Every Man has a Story
By PF Staff in Favorite Photos on Dec 2, 2012
A series of fortunate occurrences lead to this photo which I absolutely love. This is how it all happened...
My girlfriend and I were sitting in an alleyway in town (Auckland City, New Zealand) and having lunch on one of the benches. It was a gloomy day, people rushing past, nothing incredibly interesting happening. I recently got my first DSLR (Pentax K-30) and my girlfriend loves photography but doesn't own a camera so she was playing around with my new toy, pointing it at things she found interesting and enjoying the zoom range of the Pentax 18-135 WR lens. Across the street from us, sitting on a bench, just as we were, was a homeless man we have seen several times before. My girlfriend spotted him through the viewfinder and started snapping some shots of him thinking he would make a good subject. Seeing we were so far away on the other side of a busy street he was completely oblivious to it all. After she was done with the camera, I too wanted to take a photo of him. I checked some of the settings, pointed my camera in his direction, raised it and put my eye to the viewfinder. I scanned the scene quickly until I found him- he was staring right at me. I think my girlfriend pointing the camera at him for several shots managed to attract his attention and he got interested by the time it was 'my turn'. I was so surprised when his gaze met mine. Without much thinking (for which I am glad) I pressed the shutter release and captured the photo. In the next photo I captured, he was already facing away.
When I pressed the photo review button, I was amazed at how beautiful the photo was. The man was looking so natural, he stared right through the lens, a penetrating stare that can really stimulate emotion in any observer. The girl behind him, listening to her iPod, walking right past him with her chin held high. The shop in the background, with 'discount' signs. What a contrast between our materialistic world, a world where we acquire possessions, the latest and the best, and the world of this man. He lives through each day as it comes, he is on the street without a home, with no plans for his distant future. He is not even begging for money, he just sits there. I see him quite often now as I look for him. I didn't use to be so sensitive to his presence. Very often he is talking to himself, he is judged and looked down upon by people walking past. I can't seem to get him out of my head. I love everything about this photo down to the fine details like the ring on his finger which is probably one of his only valuable possessions. I now think about him, and wonder about his story, who he is, and whether he is important to anyone else.
Please click on the photo to view the normal sized uncropped version
The Equipment Used
- Focal Length 135mm
- Shutter Speed 1/200 sec
- Aperture f/5.6
- ISO/Film 640
- Taken October 9th 2012
My Post-Processing Technique
After fixing the optical artifacts in DXO Optics Pro, I cropped the image to my liking as well as straightened it to make the man the main subject of the image. I began by changing the temperature, pushing the slider towards the yellows to set the mood I was after. It was quite a grey gloomy day and originally it felt a bit dull. I also gave the photo a slight tint towards the pink side. I lowered exposure a somewhat to eliminate some burning in parts, I noticed I gained more detail that way without compensating much on other areas. I pushed contrast up as well as recovered some of the highlights. I pushed shadows WAY down to keep this more dramatic look. I pushed whites up a little. Then, I increased clarity to almost full capacity. I also decreased vibrance and saturation a bit until I got the mood and look I wanted.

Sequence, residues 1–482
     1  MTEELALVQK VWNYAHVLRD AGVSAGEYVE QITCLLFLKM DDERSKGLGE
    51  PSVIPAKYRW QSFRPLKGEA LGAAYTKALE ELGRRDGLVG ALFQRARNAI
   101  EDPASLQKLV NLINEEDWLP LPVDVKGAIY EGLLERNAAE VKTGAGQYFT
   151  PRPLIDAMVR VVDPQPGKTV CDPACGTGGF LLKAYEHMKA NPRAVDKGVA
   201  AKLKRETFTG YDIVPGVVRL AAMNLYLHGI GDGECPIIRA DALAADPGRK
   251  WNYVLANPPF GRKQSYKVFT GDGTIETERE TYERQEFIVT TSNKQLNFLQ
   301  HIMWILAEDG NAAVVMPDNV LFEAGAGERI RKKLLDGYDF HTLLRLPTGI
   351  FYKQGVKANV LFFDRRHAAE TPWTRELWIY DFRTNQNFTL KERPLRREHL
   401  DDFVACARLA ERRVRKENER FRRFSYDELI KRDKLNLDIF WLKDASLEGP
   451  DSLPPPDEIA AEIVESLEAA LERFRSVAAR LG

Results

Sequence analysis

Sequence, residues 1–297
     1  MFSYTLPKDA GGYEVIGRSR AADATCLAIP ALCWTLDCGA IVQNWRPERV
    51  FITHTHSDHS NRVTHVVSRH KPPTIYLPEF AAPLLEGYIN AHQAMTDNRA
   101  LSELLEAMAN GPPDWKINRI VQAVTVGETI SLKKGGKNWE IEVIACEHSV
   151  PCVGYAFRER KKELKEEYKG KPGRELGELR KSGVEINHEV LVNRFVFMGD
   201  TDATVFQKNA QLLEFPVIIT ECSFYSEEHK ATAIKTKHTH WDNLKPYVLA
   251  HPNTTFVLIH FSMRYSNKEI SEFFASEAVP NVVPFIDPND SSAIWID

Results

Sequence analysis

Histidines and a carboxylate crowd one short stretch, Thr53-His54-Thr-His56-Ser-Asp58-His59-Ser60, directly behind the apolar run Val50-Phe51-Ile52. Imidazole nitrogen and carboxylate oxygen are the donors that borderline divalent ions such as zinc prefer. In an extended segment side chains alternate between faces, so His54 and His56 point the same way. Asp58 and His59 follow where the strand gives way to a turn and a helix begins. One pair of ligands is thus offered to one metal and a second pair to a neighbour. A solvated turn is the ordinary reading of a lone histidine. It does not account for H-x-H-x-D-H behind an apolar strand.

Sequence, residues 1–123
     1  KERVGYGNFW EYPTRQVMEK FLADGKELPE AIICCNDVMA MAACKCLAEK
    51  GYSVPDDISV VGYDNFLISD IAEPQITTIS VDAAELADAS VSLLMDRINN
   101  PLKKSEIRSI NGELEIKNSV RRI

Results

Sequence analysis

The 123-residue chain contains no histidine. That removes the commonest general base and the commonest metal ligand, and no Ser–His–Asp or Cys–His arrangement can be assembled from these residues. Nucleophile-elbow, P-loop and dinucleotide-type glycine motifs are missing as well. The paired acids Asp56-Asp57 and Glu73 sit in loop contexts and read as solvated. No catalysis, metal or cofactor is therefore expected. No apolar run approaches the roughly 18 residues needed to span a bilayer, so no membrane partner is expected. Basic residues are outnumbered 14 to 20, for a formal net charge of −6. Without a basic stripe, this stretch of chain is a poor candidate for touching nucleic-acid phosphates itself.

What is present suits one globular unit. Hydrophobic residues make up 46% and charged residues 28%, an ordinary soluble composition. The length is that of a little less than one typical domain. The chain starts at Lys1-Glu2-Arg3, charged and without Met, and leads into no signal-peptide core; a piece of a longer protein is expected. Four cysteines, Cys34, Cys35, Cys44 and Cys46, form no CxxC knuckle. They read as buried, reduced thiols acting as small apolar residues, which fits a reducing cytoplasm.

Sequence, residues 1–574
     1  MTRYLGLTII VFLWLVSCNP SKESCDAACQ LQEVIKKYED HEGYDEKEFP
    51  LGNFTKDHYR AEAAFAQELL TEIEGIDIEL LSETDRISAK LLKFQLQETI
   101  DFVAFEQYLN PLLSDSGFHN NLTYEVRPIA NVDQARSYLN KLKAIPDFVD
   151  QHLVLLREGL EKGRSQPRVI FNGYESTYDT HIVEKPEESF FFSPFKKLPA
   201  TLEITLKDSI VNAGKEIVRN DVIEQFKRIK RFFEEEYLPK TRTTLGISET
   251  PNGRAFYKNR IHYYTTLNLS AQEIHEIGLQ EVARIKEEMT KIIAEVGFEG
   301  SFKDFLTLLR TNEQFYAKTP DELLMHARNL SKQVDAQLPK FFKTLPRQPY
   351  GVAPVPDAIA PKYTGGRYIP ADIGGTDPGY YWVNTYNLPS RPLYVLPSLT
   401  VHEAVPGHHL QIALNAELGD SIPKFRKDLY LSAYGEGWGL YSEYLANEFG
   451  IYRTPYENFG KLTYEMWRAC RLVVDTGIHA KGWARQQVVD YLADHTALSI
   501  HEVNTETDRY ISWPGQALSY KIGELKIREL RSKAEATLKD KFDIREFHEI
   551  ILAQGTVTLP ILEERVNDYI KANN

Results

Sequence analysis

I did want to separate the subject of this photo from the background without eliminating it altogether so I used the adjustment brush to modify the background separately to the foreground; I reduced the saturation in the background. Notice the drastic change between the tones on the man's head and shoulders compared with the shop and the girl behind him. I feathered the change in the foreground because I didn't want to isolate him from the bench completely or from where he was sitting.
The original image (straightened and cropped- I changed the crop later in the final image):
There are two main reasons why this photo is important to me. For one, I really like the result, and I think it's one of, if not my best photo. But more importantly, I was really saddened by the thought that no-one thinks of this man beyond the few seconds they see him as they quickly walk past. I admit that until I saw him stare me in the eye, I too didn't give him a second glance or think about him beyond our short encounters in the street. It's not that I don't care, I just never really stopped to think about it. I do want him to have someone who thinks about him, even though he may never know. I have since printed and framed this shot, a small 5" x 7" print put in an old wooden frame, to sit on my study desk in my room. It may be of a tiny significance to anyone, but it was quite important to me.
I really hope you liked the shot and the story behind it and that you enjoyed my explanation of the processing. It would make me very happy if you found this photo as moving as I have. On a slight side-note, thank you to the Pentaxians who commented on the post of this photo in the "post your photos" section. Your warm comments motivated me to submit this shot, and I found your attitude very welcoming into the Forum.